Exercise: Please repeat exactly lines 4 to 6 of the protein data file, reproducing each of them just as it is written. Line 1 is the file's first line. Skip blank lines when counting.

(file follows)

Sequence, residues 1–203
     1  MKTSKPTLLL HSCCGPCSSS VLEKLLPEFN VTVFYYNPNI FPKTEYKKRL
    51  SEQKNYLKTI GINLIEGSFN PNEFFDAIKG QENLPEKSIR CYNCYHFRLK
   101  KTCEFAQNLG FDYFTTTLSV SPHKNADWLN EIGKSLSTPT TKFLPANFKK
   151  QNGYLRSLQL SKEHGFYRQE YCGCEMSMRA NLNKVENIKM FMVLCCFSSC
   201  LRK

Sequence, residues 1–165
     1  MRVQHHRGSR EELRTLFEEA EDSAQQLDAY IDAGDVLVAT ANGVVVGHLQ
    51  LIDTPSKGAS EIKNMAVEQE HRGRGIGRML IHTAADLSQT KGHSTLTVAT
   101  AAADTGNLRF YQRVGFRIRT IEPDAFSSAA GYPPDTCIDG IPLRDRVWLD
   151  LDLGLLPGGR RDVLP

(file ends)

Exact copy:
   101  KTCEFAQNLG FDYFTTTLSV SPHKNADWLN EIGKSLSTPT TKFLPANFKK
   151  QNGYLRSLQL SKEHGFYRQE YCGCEMSMRA NLNKVENIKM FMVLCCFSSC
   201  LRK